the troubles that Europe was
unable to resolve.
• Between 1935 and 1937
Congress passed Neutrality
Acts-illegal to sell arms or lend
money to nations at war
• 1939 “Cash and Carry”
System-Allies buy U.S.
weapons with cash and carry
them back to Europe on their
own ships
More Isolationism
• Roosevelt wins third term
in 1940
• “Your boys are not going
to be sent into foreign
• March1941 Congress
passed Lend-Lease ActLoaned $7 Billion worth of
weapons and supplies to
• 1941 Germany attacks
Soviet Union. Broke the
Non-Aggression Pact
• 1941 Lend-Lease to
U.S. Ocean Battle
• Battle of the Atlantic-Control
ocean trade
• U.S. Navy escorted British
Ships carrying U.S. supplies
• Germans tried to stop trade
from U.S. & Britain by sinking
the ships with submarines and
• Sept. 4th Germans U-Boat fired
on U.S. destroyer.
• Roosevelt order to “shoot on
• Atlantic Charter-Between U.S.
Britain wouldn’t acquire new
territory work for peace after
Japan, the Pacific and Pearl Harbor
– Seeking domination of the
Pacific/recover from the
depression/need for natural
– Invaded Manchuria; 1931/
League of Nations
disapproves led to
European imperialism by
Germany & Italy
– China; 1937 Nanjing Beijing
– Set sights on American
controlled Philippines and
U.S. sent aid to China
U.S. drifts into war in the Pacific
• Japanese took over French
Indochina-Vietnam, Cambodia,
and Laos July 1941
• U.S. embargoes oil and fuel
and other goods to Japan;
• By September 1941, after
many additional materials were
embargoed, only oil could be
sent to Japan. Japan would
not withdraw from China and
seized French Indochina
(Vietnam) in late 1940.
• July of 1941, FDR froze all
Japanese assets in the U.S.
Pearl Harbor “A day of Infamy”
• Military leaders
intercepted a coded
message that said an
attack was coming. But
didn’t know when
• December 7th. 1941
• Japanese conducted a
surprise attack of Pearl
Harbor in Hawaii
• The attack lasted two
More Pearl Harbor
• 2,300 Americans died
• 1,100 wounded
• 19 ships sunk including
U.S.S. Arizona
• Next Day Roosevelt
declared it “A day which
will live in infamy”
• Congress accepted his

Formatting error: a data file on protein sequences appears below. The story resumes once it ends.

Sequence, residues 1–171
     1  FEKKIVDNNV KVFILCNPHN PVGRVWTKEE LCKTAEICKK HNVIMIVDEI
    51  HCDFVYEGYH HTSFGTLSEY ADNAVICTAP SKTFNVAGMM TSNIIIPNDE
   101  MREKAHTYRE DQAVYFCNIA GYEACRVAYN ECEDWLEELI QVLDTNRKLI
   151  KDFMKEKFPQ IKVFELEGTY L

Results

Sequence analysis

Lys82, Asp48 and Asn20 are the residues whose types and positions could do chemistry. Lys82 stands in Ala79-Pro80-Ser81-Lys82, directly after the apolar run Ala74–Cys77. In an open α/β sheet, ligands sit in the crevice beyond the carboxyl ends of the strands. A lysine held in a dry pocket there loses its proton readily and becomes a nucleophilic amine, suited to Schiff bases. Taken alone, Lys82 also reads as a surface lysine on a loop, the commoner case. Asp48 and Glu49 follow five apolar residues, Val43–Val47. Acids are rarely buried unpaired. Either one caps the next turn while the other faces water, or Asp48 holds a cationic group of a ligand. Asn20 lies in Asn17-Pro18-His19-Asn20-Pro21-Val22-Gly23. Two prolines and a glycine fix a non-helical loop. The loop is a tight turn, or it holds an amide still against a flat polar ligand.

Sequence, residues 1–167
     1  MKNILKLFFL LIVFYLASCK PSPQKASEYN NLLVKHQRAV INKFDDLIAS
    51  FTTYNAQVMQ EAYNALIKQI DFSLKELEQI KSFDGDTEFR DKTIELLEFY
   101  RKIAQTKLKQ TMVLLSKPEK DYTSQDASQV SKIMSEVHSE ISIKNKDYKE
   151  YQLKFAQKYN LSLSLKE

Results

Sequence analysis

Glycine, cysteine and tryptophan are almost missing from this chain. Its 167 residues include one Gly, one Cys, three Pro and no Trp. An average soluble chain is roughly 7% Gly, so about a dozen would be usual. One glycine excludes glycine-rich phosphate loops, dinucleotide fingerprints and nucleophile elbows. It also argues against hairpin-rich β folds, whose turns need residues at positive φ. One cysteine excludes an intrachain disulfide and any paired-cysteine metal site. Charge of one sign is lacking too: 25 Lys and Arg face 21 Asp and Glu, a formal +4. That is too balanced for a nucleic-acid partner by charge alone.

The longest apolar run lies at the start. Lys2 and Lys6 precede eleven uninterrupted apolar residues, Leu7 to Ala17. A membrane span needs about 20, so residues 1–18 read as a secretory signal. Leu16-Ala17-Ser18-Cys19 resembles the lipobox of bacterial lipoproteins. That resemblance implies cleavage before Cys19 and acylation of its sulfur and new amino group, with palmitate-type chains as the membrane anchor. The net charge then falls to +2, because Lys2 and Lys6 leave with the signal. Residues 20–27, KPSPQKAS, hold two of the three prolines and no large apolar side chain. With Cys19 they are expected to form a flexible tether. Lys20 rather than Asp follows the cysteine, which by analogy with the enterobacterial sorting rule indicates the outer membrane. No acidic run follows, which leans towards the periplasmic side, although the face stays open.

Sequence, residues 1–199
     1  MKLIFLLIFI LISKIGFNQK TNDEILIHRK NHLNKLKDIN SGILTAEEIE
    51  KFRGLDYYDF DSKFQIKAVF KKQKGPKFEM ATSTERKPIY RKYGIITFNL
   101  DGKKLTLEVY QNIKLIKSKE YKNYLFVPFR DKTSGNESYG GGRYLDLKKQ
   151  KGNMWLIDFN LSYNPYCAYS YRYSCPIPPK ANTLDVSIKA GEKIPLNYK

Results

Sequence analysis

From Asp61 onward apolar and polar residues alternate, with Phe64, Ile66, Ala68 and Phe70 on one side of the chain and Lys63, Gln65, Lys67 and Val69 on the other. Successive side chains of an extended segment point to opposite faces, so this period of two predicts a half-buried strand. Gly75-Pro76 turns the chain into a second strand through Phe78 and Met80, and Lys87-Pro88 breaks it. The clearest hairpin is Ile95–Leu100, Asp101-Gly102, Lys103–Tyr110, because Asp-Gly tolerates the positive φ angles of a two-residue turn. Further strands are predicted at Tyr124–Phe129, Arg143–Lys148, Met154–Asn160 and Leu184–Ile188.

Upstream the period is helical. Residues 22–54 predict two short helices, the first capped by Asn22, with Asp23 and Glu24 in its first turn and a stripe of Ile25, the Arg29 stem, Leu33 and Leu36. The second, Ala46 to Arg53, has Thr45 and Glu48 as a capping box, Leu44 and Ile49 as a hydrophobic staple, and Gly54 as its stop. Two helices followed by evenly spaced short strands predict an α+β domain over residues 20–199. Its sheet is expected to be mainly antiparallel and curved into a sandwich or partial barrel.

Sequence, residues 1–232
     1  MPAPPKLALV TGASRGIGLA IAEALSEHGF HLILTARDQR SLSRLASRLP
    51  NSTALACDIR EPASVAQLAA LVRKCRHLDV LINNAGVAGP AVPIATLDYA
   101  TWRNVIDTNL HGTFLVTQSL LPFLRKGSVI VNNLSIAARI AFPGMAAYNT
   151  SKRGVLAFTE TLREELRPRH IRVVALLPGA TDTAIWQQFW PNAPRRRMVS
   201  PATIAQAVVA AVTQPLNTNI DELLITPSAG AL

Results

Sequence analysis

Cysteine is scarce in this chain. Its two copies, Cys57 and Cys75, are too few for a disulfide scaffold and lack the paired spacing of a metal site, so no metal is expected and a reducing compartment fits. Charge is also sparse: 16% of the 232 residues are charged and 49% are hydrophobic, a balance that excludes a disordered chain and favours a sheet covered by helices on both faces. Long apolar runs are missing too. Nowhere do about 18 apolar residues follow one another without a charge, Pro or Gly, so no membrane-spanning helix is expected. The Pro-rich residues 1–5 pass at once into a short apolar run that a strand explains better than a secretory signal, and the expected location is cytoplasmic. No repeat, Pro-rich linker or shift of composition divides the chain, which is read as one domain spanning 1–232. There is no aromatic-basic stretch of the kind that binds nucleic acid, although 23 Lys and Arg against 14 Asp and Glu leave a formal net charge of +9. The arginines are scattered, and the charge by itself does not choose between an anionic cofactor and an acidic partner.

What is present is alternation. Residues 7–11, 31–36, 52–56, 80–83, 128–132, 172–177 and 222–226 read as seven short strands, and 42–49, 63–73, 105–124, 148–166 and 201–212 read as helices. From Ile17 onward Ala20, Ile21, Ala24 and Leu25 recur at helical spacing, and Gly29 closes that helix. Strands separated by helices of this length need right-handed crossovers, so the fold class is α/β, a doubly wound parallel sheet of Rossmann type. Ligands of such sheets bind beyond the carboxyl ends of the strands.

request for a declaration
of war against Japan and
its allies
World War II Homefront
1940- Selective Training and
Service Act-First peacetime
draft in U.S. History At first 2135….then 18-38
16 Million Americans, 1 million
African Americans. 300,000
Mexican Americans served in
the military.
Going to war; Mobilization
– War Production Board 1942
• Centralized industrial
planning to convert from
a peacetime production
economy to a war
• regulate the production
and allocation of
materials and fuel
…and more mobilization
• Agriculture demand-fed U.S.
and Allies as well
• Factories converted to military
machine Built ships, planes,
• Production stopped on civilian
items-automobiles, new
houses, and new appliances
• Unemployment disappeared
• Long hours
Sports and War
• Ted Williams Boston Red Sox/
Pilot-Flight Instructor. Served
in WWII and Korean War
• Joe DiMaggio-New York
Yankees/ Phys. Ed Instructor
drawing $43,500 from the
Yankees, trades in his salary
for the $50 a month as an
army enlisted man.
• Bob Feller-Cleveland Indians
• Hank Greenberg-Detroit Tigers
• Joe Louis-Boxer Army private
Wars cost money…
• War bonds- Paid for from
the public for war use
• Taxes- 40% of the war
was paid for with taxes
– Taxes were raised
– Tax base broadened and
tax rates raised
– First time middle class &
lower class paid income tax
– Corporate taxes and
excess profits tax
– 1st time that most
Americans paid any
income tax
…and more money
• Taxes paid under half of the
cost of war; the rest was paid
through deficit spending.
• War led to virtually full
employment and many twoincome families. Consumer
demand down, savings rose,
and a pent-up consumer
demand would boost post-war
spending habits.
• Growth of national govt.
• Business/government
The war, affecting the lives of
millions of Americans, did not